While on assignment in North Korea, Associated Press Chief Photographer for Asia David Guttenfelder had the opportunity to snap shots on his iPhone and iPod Touch and share them through Instagram. This would be a first for anyone to directly post their geotagged photos to the app from the Democratic People’s Republic of Korea (DPRK).
The photographer explains: “On Jan. 18, 2013, foreigners were allowed for the first time to bring mobile phones into North Korea. And this week the local service provider, Koryolink, is allowing foreigners to access the Internet on a data capable 3G connection on our mobile phones. In the past I could post geolocated phone photos to my Instagram feed by turning my online laptop into a hotspot to link my iPhone or iPod touch by wifi. But, today I’m posting this directly from my phone while riding in the back of a van in #Pyongyang. The window on to North Korea has opened another crack. Meanwhile, for Koreans here who will not have access to the same service, the window remains shut.”
The photographer’s stay in Pyongyang, North Korea (his 20th trip to the country) has just recently ended, but his captured images live on and provide insight to this part of the world that we hardly ever get to see from the inside. Guttenfelder says, “I feel I can help open a window into a place that would otherwise rarely be seen by outsiders. As one of the few international photographers who has ever had regular access to the country, I feel a huge responsibility to share what I see and to show it as accurately as I can.”
Top photo: A group of children play with one of Guttenfelder’s cameras.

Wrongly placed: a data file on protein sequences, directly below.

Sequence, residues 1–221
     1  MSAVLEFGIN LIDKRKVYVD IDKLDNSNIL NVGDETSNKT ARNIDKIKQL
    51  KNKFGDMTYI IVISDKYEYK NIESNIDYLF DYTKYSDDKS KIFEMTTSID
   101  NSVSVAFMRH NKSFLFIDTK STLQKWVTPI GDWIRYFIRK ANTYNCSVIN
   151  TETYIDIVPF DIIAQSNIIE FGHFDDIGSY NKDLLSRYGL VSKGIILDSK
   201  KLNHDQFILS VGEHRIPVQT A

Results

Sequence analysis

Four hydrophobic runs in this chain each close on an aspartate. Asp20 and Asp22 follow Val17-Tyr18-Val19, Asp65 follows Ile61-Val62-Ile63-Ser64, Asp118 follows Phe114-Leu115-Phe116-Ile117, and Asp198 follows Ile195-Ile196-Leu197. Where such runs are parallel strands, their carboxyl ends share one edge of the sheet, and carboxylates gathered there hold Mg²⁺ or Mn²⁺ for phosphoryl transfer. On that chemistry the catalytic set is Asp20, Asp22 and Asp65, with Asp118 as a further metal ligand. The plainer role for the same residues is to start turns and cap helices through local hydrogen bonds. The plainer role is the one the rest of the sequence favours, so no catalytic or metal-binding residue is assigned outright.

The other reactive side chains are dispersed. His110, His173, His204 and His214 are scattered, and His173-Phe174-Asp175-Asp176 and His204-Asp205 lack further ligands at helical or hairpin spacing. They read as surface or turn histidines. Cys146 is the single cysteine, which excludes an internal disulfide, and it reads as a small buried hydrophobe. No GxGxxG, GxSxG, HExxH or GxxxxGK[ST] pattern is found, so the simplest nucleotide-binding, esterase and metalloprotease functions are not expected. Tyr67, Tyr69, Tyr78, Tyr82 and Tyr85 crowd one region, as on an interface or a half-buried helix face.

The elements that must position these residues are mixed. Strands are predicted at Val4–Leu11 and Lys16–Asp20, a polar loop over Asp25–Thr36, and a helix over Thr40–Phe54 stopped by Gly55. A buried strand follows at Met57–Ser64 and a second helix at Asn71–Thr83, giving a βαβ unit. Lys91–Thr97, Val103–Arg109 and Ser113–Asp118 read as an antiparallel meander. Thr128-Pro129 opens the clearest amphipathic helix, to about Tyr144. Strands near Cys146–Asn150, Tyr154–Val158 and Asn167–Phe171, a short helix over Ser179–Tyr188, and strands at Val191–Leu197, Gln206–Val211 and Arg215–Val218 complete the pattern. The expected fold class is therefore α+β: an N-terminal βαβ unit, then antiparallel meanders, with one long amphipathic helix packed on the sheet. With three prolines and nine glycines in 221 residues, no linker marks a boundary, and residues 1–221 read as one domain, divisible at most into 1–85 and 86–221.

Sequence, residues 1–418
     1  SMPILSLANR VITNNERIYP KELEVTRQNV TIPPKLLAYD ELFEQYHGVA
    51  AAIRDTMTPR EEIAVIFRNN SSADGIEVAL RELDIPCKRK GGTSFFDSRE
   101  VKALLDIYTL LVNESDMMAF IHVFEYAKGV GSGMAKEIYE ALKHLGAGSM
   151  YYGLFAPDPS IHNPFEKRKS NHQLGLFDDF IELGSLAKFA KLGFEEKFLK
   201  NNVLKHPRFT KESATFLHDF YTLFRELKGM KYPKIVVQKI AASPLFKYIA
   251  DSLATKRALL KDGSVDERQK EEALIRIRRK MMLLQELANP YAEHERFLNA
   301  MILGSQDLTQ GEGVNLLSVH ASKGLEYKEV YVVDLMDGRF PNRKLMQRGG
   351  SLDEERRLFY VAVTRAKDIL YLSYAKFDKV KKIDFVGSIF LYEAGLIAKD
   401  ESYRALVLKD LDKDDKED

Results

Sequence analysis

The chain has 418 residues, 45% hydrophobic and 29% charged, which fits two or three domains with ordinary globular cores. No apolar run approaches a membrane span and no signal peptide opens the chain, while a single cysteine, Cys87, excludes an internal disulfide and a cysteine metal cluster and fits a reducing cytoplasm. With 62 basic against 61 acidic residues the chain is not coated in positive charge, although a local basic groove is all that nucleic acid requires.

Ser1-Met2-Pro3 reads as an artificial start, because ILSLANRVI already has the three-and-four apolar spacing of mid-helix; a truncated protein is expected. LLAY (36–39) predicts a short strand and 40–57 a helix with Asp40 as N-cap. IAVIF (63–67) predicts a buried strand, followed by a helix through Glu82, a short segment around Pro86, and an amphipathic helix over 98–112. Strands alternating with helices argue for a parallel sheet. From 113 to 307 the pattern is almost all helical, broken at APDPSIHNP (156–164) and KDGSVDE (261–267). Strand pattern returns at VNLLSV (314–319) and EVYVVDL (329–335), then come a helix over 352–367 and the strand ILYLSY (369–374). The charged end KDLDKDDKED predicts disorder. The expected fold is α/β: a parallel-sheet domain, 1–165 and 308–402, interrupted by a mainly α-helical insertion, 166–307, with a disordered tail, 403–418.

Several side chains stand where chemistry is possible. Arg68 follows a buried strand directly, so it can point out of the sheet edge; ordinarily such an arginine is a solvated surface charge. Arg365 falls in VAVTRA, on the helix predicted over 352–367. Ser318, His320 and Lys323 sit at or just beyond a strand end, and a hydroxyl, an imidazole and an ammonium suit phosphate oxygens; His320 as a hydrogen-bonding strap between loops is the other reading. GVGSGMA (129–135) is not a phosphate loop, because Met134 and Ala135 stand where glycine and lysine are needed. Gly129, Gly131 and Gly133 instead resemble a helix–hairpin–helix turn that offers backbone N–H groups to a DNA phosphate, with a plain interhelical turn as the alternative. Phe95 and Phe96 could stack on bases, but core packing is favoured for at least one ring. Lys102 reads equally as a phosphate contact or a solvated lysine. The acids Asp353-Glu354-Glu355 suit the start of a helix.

A view of Pyongyang, North Korea from the photographer’s hotel.
“North Koreans ride an escalator past a model of the country’s Unha-3 rocket as they enter an exhibition in #Pyongyang of #Kimjongilia flowers named after the late leader Kim Jong Il.”
“A North Korean doctor and a bank of video monitors inside a #Pyongyanghospital.”
“North Korean babies rest in a row of cribs at the #Pyongyang Maternity Hospital.”
“A surreal mass synchronized swimming performance in #Pyongyang, North Korea tonight.”
“A North Korean guide uses a pointer at the start of a tour of an historic site.”
Students working on computers in their winter coats and hats at a massive library called The Grand People’s Study House.
“The yet to be completed 105-story pyramid shaped Ryugyong Hotel can be seen from about anywhere you stand in Pyongyang. The North Koreans started building it around 1987.”
“The huge planetarium that looks like Saturn called the Three Revolution Exhibition Hall.”
“North Korean commuters pass by propaganda posters in #Pyongyang.”
“Painted #Propaganda, showing North Korean children in armed services uniforms attacking U.S., Japanese & SKorean soldiers, hangs in a room inside a#Pyongyang kindergarten.”
“Charicatures of American and Japanese solders are stored in a room at Kaeson Kindergarten in #Pyongyang. Children throw things at the faces and pretend to shoot or bayonette them with toy guns during a schoolyard game.”
“Example haircuts on display at a barbershop in #Pyongyang.”
“The highway, heading south to #Pyongyang, North Korea. Four lanes wide and few cars to be found.”
“A restaurant in the Hyangsan Hotel at the foot of Mt. Myohyang, North Korea. We’re the only guests in this hotel.”
“A pin over the heart of every North Korean citizen.”